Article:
I was coming to Palestine to visit old friends and also to take part in a conference on political prisoners organized in Ramallah as part of my role as coordinator for the Russell Tribunal. Due to the fact that Israel controls all the West Bank borders of Palestine, one has to go through Israeli officials in order to reach the occupied Palestinian territories. (Now, only Gaza–via the Rafah border crossing with Egypt–is accessible without too much Israeli interference.)
So I wrote the requested details on the piece of paper in front of me–except that I put an alternative e-mail address, being fully aware that what the officer in front of me wanted was information about other people involved with solidarity work in Palestine and abroad. Mapping networks has in recent years been vigorously pursued by Israel.
The line of questioning, at first, stuck to my travel plans. Six days in Tel Aviv without a travel guide was too much to bear for the man. He then quickly moved to my personal details and asked me to log on to my e-mail account, which is apparently less illegal (in Israel anyway) than I thought (see here and here).
He started to get upset when my inbox opened and there was no message in it. He told me repeatedly, “I know you have another e-mail address. Give it to me.” “I only have this one,” was the answer I stuck with throughout the whole process. I was taken to various offices throughout the whole interrogation process and spoke to a few people, who asked, again and again, the same questions.
- – - – - – - – - – - – - – - -
I HAD to wait for long periods between each interrogation. Palestine and political activity only were raised after about three hours of questioning. I was sort of relieved to hear the word because I knew deep down that the Shabak agent had known about my work on the Palestine issue from minute one. He even asked me at one point, “What will Google tell me if I search for your name?”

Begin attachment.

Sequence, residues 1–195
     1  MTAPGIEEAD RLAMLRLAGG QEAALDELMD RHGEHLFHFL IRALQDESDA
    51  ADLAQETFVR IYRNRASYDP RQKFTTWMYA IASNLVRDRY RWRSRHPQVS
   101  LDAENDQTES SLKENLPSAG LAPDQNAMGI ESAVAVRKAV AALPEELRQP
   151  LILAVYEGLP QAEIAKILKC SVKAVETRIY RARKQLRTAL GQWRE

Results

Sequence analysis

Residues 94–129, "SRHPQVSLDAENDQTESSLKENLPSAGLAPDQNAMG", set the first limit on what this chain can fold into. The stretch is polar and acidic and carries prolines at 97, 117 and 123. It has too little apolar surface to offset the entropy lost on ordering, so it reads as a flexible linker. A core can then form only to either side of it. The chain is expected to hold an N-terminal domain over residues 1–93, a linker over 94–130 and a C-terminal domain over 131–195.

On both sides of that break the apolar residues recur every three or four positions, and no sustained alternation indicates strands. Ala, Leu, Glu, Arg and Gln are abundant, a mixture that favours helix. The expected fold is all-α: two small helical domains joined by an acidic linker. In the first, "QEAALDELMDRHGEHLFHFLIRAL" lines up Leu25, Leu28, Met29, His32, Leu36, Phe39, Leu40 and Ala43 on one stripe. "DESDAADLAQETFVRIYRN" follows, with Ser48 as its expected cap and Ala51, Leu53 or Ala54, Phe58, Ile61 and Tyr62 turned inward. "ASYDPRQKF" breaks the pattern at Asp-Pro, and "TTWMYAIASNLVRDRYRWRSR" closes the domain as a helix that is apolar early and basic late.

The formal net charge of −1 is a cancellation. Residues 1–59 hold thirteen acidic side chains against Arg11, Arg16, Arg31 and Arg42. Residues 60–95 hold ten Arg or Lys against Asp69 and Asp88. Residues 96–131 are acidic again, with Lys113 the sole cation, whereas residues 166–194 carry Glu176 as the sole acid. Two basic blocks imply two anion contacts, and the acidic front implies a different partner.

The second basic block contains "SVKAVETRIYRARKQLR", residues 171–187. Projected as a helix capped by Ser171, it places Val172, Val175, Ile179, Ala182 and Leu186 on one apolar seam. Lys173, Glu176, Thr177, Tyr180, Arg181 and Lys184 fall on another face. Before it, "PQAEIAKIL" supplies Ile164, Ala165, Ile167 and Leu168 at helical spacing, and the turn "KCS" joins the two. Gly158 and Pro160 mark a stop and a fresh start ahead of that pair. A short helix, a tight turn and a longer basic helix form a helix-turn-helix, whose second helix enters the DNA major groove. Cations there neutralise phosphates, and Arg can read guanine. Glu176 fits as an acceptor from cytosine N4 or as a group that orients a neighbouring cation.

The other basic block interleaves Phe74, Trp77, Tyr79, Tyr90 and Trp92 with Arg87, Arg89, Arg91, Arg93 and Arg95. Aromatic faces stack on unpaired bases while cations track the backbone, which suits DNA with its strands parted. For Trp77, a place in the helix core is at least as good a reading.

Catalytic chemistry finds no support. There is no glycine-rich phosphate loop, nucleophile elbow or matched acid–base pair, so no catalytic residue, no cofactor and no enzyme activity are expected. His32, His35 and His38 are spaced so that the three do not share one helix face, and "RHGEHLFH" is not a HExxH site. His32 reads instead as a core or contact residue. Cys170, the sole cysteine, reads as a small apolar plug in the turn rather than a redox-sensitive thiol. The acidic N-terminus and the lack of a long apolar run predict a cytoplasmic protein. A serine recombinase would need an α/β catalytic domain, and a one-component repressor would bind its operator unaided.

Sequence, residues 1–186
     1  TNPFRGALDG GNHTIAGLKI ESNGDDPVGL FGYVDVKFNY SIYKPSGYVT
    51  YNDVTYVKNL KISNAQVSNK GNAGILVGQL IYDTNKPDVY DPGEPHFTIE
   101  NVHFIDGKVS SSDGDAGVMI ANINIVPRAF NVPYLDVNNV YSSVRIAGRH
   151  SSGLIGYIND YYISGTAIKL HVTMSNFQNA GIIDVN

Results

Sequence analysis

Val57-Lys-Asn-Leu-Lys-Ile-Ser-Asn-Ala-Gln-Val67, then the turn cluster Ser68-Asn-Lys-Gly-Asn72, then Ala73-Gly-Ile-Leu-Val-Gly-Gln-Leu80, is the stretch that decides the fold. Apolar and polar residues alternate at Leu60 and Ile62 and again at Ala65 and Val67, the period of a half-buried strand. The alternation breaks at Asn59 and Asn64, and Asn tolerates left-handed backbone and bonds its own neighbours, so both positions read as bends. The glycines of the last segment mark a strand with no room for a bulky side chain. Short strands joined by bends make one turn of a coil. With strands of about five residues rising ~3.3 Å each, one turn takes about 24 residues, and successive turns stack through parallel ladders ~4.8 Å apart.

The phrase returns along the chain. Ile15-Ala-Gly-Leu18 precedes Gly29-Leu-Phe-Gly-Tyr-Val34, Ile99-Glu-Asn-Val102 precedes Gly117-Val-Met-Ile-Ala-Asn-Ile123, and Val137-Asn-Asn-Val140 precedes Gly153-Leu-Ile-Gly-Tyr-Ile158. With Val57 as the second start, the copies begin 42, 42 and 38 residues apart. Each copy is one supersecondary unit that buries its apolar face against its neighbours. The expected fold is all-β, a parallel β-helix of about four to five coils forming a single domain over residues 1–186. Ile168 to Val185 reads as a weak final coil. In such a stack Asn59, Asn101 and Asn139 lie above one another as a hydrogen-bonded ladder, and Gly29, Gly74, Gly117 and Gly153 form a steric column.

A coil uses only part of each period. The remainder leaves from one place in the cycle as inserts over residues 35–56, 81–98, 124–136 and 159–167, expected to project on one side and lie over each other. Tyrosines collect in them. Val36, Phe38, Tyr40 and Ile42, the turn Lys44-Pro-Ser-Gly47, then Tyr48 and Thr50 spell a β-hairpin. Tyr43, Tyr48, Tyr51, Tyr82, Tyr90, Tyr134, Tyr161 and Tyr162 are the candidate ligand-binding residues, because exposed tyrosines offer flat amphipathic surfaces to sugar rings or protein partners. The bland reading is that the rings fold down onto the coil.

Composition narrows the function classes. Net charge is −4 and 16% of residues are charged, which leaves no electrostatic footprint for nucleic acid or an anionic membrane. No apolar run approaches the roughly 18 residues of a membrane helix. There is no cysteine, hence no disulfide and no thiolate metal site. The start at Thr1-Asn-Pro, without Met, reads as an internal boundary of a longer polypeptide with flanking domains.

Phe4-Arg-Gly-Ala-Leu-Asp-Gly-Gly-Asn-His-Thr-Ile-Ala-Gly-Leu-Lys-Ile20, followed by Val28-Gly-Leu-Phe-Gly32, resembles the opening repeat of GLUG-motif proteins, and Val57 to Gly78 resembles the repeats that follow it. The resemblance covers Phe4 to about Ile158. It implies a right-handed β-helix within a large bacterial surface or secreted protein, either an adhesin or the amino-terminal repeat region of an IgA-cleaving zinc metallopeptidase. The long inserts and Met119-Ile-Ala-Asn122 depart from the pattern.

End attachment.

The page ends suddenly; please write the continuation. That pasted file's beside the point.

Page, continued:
The goal, however, was somewhere else. The goal was to exhaust me into giving information about workmates, colleagues and various people I knew in Israel/Palestine. The exhaustion part worked. I was clearly on my knees at 4 a.m., having had no sleep for 24 hours and faced with several unfriendly people questioning me. But they never got what they really wanted–my e-mail account and its content. After four hours of questioning, the verdict came (there were five people in the room, including me, at this time): “You lied to me. So you won’t get in. You will now be deported back. Your flight is in 23 hours.”
Still, right after telling me this, the officer tried one more time, telling me that he was my friend, here to help me and that if I collaborated he might change his decision. I was at this point taken to a room where I was body searched thoroughly (by a young man with an apologetic look on his face), and where my carry-on bag (the only piece of luggage I brought) was fully checked, in and out, approximately three times, including passing through X-rays.
At roughly 4.30 a.m., I was put in a van, alone, and driven to my next destination: the deportation center. Why we stopped, for about 10 minutes, in between airplanes on the tarmac is a question that remains unanswered. He told me before he dropped me off that I would be deported in 23 hours. “You’re lucky,” said the man. “Some people have to wait for a week here.”
The next 23 hours were the longest in my life. With no means to know what the time was, it took forever. My cellmate, a 21-year-old Ukrainian man who spoke no English at all and came to Israel in search of a better future, and I were allowed two 10-minute breaks outside, under surveillance of course, and managed to catch a glimpse of the palm trees and the sunshine that we were at this point longing for. We were then joined by two older Ukrainians as well as a Chinese man.